Pyk2 has been shown to bind Src family kinases (Dikic et al. 1996). Therefore, it is possible that FIP200 reduced E4Y1 phosphorylation by affecting the association or activity of Src family kinases in the Pyk2 immune complex. To examine this possibility, we first tested the effects of the COOH-terminal FIP200 on the kinase activity of Pyk2 from SYF cells that are deficient in the expression of Src family kinases Src, Yes, and Fyn (Klinghoffer et al. 1999). Fig. 4 B shows that GST-CT-FIP inhibited the kinase activity of the Pyk2 isolated from these cells in a dose-dependent manner, whereas GST alone had little effect. Consistent with this, GST-CT-FIP inhibited the kinase activity of the Pyk2 mutant Y402F (lacking the binding site for Src family kinases) to a similar level as that for the wild-type Pyk2 (Fig. 4 C). Together, these results suggested that FIP200 inhibited Pyk2 kinase activity itself rather than the binding or activity of the associated Src family kinases. Similar experiments indicated that GST-CT-FIP could also inhibit FAK kinase activity in vitro (Fig. 4 D).
To determine whether binding of FIP200 to Pyk2 inhibited its kinase activity in intact cells, expression vectors encoding Pyk2 and FIP200 or its fragments were cotransfected into CHO cells. 2 d after transfection, the cells were treated with sorbitol and the lysates were prepared from these cells. HA-tagged Pyk2 was immunoprecipitated with anti-Pyk2 and analyzed for its tyrosine phosphorylation by Western blotting with antiphosphotyrosine mAb PY20. Fig. 5 A shows that tyrosine phosphorylation of Pyk2 was significantly increased by sorbitol treatment, as observed previously (top; Zheng et al. 1998). Cotransfection with CT-FIP reduced the increase in Pyk2 phosphorylation, whereas coexpression of the pSG5 vector had no effect. Western blotting of the immunoprecipitates with anti-Pyk2 verified similar levels of Pyk2 expression in these samples (middle). Western blotting with anti-Flag confirmed the expression of CT-FIP in the cotransfection samples (bottom). Similar studies indicated that cotransfection of the FIP200 (Fig. 5 B) but not the NT-FIP fragment (Fig. 5 C), also inhibited Pyk2 phosphorylation in response to sorbitol. Together, these results indicated that FIP200 could function as an inhibitor of Pyk2 in intact cells, and the inhibitory activity correlated with FIP200 binding to Pyk2 via its COOH-terminal fragment.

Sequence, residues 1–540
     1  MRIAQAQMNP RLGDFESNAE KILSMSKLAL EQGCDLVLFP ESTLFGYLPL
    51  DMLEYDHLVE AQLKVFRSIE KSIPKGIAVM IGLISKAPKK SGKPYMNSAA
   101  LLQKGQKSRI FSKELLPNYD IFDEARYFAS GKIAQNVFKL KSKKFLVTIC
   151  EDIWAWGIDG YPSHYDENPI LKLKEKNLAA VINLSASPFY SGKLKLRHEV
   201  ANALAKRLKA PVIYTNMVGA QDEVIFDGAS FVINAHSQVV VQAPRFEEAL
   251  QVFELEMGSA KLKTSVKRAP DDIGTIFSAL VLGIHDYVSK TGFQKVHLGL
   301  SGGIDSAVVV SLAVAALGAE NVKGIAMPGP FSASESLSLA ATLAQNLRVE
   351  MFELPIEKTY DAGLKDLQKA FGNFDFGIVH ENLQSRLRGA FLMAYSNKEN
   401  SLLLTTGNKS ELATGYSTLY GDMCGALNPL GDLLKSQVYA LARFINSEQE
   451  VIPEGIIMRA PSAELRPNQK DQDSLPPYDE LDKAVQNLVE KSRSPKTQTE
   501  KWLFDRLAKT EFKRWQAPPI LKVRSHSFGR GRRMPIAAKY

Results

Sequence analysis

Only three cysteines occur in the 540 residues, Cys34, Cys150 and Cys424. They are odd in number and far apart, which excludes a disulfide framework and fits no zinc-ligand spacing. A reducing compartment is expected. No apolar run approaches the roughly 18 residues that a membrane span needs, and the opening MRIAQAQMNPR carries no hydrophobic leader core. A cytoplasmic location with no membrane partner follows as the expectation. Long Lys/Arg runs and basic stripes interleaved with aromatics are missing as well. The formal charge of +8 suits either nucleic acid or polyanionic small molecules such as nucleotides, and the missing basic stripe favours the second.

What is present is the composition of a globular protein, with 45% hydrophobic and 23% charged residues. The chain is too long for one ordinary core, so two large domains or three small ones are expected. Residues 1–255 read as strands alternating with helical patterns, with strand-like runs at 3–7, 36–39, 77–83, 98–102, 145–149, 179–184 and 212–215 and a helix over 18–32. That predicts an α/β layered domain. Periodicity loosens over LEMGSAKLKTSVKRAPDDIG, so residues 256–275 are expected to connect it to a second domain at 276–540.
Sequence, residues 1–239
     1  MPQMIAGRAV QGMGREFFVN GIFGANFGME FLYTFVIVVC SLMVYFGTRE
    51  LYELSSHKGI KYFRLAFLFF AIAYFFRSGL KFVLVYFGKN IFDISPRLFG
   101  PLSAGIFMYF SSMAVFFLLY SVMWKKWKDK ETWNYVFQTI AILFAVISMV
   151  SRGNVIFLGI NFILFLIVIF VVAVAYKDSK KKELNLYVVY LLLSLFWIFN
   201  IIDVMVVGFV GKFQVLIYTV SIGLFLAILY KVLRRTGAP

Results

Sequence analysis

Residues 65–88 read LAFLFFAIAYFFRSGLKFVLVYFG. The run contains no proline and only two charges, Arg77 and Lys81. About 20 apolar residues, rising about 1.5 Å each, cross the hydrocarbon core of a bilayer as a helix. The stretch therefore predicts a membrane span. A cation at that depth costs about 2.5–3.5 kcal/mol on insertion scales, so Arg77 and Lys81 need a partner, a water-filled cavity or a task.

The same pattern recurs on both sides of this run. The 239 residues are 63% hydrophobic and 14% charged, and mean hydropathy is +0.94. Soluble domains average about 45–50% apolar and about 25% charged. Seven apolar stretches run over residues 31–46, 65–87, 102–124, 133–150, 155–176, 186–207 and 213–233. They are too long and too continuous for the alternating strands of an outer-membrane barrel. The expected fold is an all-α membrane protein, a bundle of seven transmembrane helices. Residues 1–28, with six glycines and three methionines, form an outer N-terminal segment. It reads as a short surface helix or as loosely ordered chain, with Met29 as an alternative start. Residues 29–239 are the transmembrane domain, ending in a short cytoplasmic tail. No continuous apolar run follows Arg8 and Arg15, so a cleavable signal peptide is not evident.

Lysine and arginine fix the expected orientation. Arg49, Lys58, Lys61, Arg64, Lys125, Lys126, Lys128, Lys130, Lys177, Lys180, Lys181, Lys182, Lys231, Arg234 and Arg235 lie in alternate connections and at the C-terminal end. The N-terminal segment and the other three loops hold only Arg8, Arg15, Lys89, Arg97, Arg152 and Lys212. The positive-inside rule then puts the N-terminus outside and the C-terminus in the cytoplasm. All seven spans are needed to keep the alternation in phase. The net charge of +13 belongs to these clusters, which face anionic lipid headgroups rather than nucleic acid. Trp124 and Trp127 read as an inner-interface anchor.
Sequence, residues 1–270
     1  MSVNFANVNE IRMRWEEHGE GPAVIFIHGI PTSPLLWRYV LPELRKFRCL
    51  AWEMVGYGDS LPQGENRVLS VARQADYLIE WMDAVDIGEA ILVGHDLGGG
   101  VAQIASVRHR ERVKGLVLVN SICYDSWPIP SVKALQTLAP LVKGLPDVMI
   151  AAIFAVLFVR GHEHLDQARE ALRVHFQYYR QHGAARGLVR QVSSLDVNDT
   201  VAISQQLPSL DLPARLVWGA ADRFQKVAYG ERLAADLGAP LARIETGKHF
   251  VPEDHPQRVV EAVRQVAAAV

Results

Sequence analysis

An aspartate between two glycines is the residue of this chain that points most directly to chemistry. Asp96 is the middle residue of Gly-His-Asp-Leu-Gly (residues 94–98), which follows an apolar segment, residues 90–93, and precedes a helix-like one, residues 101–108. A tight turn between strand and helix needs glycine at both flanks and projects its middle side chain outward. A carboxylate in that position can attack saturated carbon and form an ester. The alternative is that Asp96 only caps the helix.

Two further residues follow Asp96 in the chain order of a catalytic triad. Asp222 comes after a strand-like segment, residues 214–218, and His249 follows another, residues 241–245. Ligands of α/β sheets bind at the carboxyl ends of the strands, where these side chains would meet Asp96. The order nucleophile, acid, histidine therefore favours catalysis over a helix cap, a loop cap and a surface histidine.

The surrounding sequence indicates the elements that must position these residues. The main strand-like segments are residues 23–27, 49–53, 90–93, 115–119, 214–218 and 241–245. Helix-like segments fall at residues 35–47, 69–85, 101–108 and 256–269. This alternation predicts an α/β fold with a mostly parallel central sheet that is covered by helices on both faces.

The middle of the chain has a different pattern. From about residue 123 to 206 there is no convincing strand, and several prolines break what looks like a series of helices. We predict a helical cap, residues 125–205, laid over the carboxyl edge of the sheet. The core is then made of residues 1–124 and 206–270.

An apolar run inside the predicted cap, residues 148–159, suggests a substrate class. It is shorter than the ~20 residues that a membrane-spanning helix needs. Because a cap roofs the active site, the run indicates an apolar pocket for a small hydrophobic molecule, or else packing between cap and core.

A variety of biological stimuli have been shown to activate Pyk2 in different cells (Lev et al. 1995; Dikic et al. 1996; Tokiwa et al. 1996; Yu et al. 1996). Thus, our results of FIP200 functioning as an inhibitor of Pyk2 also suggested the possibility that some of the activators of Pyk2 may activate the kinase by decreasing association of FIP200 with Pyk2. To test this possibility, we examined the association of the endogenous FIP200 and Pyk2 in cells that had been treated with various agents, which have been shown to stimulate Pyk2 (Zheng et al. 1998). Consistent with previous results, Fig. 6 shows that stimulation of RASM cells with PDGF, sorbitol, angiotensin II (AGII), or PMA all induced tyrosine phosphorylation of Pyk2 when compared with serum-starved or growing cells (A and B). Interestingly, a corresponding decrease in FIP200 association with Pyk2 was also observed upon stimulation with these agents (C and D). These results suggested that FIP200 dissociation from Pyk2 may mediate activation of Pyk2 by some biological stimuli. They also provided further support for our hypothesis that FIP200 functions as a Pyk2 inhibitor in intact cells.